FOREWORD Highway administrators, engineers, and researchers often face problems for which information already exists, either in documented form or as undocumented experience and practice. This infor- mation may be fragmented, scattered, and unevaluated. As a consequence, full knowledge of what has been learned about a problem may not be brought to bear on its solution. Costly research findings may go unused, valuable experience may be overlooked, and due consideration may not be given to recommended practices for solving or alleviating the problem. There is information on nearly every subject of concern to highway administrators and engineers. Much of it derives from research or from the work of practitioners faced with problems in their day- to-day work. To provide a systematic means for assembling and evalu ating such useful information and to make it available to the entire highway community, the American Association of State High- way and Transportation Officials—through the mechanism of the National Cooperative Highway Research Program—authorized the Transportation Research Board to undertake a continuing study. This study, NCHRP Project 20-05, “Synthesis of Information Related to Highway Problems,” searches out and synthesizes useful knowledge from all available sources and prepares concise, documented reports on specific topics. Reports from this endeavor constitute an NCHRP report series, Synthesis of Highway Practice. This synthesis series reports on current knowledge and practice, in a compact format, without the detailed directions usually found in handbooks or design manuals. Each report in the series provides a compendium of the best knowledge available on those measures found to be the most successful in resolving specific problems. PREFACE By Jo Allen Gause Staff Officer Transportation Research Board State departments of transportation (DOTs) are facing greater challenges today to develop and maintain adequate levels of qualified staff to meet the stewardship requirements for delivering trans- portation construction projects. One factor contributing to this challenge involves the greater use of alternative contracting methods (ACMs), such as design–build, construction manager/general contractor, public–private partnerships, and other innovative contracting techniques. ACMs shift more responsibility to industry for delivering and managing construction projects than traditional design-bid-build projects. As a result, DOTs must make decisions regarding the appropriate levels and mix of staffing for their ACM projects. This synthesis documents current practices in DOT staffing and organizational structure for ACMs. Information for this study was gathered through a literature review, a survey of state DOTs, a content analysis of manuals, guidelines, and templates at 21 agencies that have mature ACM programs, and structured interviews with eight selected DOTs. Dan Tran, University of Kansas, Douglas Gransberg, Gransberg & Associates, and Christofer Harper, Louisiana State University collected and synthesized the information and wrote the report. The members of the topic panel are acknowledged on the preceding page. This synthesis is an immediately useful document that records the practices that were acceptable with the limitations of the knowledge available at the time of its preparation. As progress in research and practice continues, new knowledge will be added to that now at hand.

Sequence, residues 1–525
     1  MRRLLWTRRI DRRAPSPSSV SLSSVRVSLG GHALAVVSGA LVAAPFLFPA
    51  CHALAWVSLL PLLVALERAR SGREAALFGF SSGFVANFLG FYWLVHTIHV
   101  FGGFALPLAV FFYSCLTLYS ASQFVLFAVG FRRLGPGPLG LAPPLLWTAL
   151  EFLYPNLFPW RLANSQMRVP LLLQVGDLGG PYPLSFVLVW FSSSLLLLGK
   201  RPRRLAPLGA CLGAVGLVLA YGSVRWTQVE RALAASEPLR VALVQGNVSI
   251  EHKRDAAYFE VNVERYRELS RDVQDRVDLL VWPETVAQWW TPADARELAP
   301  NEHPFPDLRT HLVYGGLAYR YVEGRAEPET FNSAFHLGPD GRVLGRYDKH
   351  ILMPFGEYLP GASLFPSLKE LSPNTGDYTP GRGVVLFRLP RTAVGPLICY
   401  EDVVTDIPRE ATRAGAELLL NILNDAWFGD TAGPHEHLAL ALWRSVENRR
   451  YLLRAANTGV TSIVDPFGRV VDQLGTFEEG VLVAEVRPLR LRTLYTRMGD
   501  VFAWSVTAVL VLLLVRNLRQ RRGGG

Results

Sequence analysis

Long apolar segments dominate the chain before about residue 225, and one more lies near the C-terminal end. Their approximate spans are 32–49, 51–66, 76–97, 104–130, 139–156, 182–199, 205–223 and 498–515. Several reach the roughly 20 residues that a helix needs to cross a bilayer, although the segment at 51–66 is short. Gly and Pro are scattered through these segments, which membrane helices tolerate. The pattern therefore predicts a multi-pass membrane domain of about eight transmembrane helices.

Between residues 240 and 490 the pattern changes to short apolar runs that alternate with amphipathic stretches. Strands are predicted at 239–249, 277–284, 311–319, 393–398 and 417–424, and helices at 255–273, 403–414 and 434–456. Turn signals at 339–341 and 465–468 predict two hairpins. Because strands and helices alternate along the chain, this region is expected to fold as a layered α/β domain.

1 Summary 4 Chapter 1 Introduction 4 Introduction 5 Synthesis Scope, Goals, and Objectives 5 Key Definitions 7 Synthesis Methodology 8 Conclusions Rubric 8 Synthesis Organization 9 Chapter 2 Literature Review 9 Introduction 9 Organizational Structure 14 ACM Staffing 20 Use of Consultants in ACMs 22 Summary 23 Chapter 3 Current Practices of Staffing for ACMs 23 Introduction 23 General Findings on ACMs 25 Organizational Structure for ACMs 26 ACM Staff Experience 28 ACM Staffing Needs and Strategies 30 ACM Staffing at Project Closeout 31 ACM Staff Skill Sets 33 Use of Consultants for ACMs 35 ACM Staff Training 37 Quality Management Staff for ACMs 38 ACM Staffing Issues and Lessons Learned 40 Summary 41 Chapter 4 Case Examples of Staffing for ACMs 41 Introduction 41 Selection of Case Examples 42 California Department of Transportation 45 Florida Department of Transportation 49 Georgia Department of Transportation 52 Minnesota Department of Transportation 55 Missouri Department of Transportation 58 North Carolina Department of Transportation 61 Ohio Department of Transportation 65 Virginia Department of Transportation 68 Summary C O N T E N T S

69 Chapter 5 Conclusions 69 Introduction 69 Conclusions 70 Effective Practices 71 Future Research 72 References 75 Acronyms and Abbreviations 76 Appendix A National Survey Questionnaire 85 Appendix B Aggregated Survey Results 108 Appendix C Case Example Questionnaire 111 Appendix D Research Needs Statement Draft Note: Photographs, figures, and tables in this report may have been converted from color to grayscale for printing. The electronic version of the report (posted on the web at www.trb.org) retains the color versions.

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TRB's National Cooperative Highway Research Program (NCHRP) Synthesis 518: Staffing for Alternative Contracting Methods documents current practices in state departments of transportation (DOTs) staffing and organizational structure for alternative contracting methods (ACMs). ACMs include design–build, construction manager/general contractor, public–private partnerships, and other innovative contracting techniques. ACMs shift more responsibility to industry for delivering and managing construction projects than traditional design-bid-build projects. As a result, DOTs must make decisions regarding the appropriate levels and mix of staffing for their ACM projects.